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Indian-American infectious diseases expert dies after traveling to India to help with Covid

NRI Pulse Staff Report

Atlanta, GA, May 7, 2021: Dr. Rajendra Kapila, a distinguished professor at Rutgers New Jersey Medical School and a founding member of the New Jersey Infectious Disease Society has died of COVID-19 in India. He was 81.

The renowned infectious disease specialist passed away in Delhi on April 28 after having tested positive for Covid-19 on April 8. He had returned to Ghaziabad, India with his wife Dr. Deepti Saxena-Kapila in the last week of March to help care for his family. He was scheduled to fly back to the US by the second week of April but was admitted to a Delhi hospital where he passed away.

Dr. Deepti told the Hindustan Times that Dr. Kapila had got both doses of the Pfizer vaccine in the US.

The 81-year-old doctor suffered from diabetes and heart complications, according to media reports.

“Both Rutgers New Jersey Medical School and University Hospital are saddened by the untimely passing of Rajendra Kapila, MD, Professor of Medicine. For 50 years, Dr. Kapila served as a foundational pillar of New Jersey Medical School, the Martland Hospital and University Hospital where he provided care to tens of thousands of patients and trained numerous generations of medical students, residents and fellows,” Rutgers New Jersey Medical School said in a statement.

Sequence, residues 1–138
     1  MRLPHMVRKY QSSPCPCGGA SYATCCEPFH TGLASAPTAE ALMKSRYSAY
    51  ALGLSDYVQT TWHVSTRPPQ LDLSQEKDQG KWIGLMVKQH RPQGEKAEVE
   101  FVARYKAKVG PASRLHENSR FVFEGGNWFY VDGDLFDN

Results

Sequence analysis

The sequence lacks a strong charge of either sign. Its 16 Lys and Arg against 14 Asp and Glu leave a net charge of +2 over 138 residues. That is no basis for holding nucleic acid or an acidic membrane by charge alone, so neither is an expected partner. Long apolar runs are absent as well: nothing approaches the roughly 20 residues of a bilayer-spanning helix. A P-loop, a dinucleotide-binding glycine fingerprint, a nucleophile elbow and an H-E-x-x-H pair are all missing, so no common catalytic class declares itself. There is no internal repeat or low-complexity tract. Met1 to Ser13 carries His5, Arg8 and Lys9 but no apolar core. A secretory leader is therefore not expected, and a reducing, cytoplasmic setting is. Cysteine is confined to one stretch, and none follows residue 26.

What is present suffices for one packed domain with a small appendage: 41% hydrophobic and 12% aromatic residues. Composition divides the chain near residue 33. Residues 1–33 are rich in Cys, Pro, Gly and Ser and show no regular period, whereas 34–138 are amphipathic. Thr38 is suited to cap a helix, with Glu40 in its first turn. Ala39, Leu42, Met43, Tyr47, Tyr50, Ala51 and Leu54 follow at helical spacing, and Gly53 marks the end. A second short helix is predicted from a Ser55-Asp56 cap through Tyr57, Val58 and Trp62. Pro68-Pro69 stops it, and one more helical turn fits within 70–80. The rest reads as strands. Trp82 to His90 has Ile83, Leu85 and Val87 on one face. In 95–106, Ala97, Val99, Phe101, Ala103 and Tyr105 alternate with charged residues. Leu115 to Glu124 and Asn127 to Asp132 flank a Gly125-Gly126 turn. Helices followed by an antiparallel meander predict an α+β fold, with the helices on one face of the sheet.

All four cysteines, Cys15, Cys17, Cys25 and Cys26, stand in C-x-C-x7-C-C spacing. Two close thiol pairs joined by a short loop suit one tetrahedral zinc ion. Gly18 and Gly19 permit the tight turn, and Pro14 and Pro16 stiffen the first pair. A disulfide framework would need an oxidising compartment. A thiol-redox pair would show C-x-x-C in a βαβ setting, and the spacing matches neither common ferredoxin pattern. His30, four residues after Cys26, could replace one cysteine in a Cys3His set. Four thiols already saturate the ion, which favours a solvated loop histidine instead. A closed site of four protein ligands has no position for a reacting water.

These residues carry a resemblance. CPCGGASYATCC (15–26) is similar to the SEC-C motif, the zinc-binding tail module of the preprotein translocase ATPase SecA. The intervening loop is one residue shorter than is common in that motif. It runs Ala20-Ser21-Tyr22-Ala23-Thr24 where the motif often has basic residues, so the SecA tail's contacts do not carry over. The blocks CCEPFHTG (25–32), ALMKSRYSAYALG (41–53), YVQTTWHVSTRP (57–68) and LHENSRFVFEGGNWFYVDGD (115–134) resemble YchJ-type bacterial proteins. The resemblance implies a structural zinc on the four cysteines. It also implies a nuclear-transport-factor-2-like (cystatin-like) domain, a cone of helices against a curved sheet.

“A genuine giant in the field of infectious diseases, Dr. Kapila was recognized world-wide and sought out for his legendary knowledge and extraordinary clinical acumen in diagnosing and treating the most complex infectious diseases. Dr. Kapila founded the Division of Infectious Diseases and facilitated its continued and extraordinary growth and development into one of the leading infectious diseases programs in the country.”

Dr. Kapila received his Pre-Medical degree from St. Xaviers College Calcutta, W. Bengal, India and the Medical Degree from the University of Delhi, India, according to his bio on the Rutgers website. After completion of his residency in Irwin Hospital India, he moved to the US where he was an intern, resident & fellow at Martland Hospital in Newark, NJ. He was also Assistant Chief of Medicine for the US Army in Okinawa Japan, during the Vietnam conflict. Dr. Kapila received his UMDNJ University Appointment in 1973 and the University Hospital Appointment in 1976.

He is a founding member of the New Jersey Infectious Disease Society, and has also received the Excellence in Teaching Award from UMDNJ, and Life Time Achievement award from the Department of Medicine. Dr. Kapila is an attending physician and the Epidemiologist, University Hospital. Dr. Kapila is also the Chair of the Infection Control Committee.

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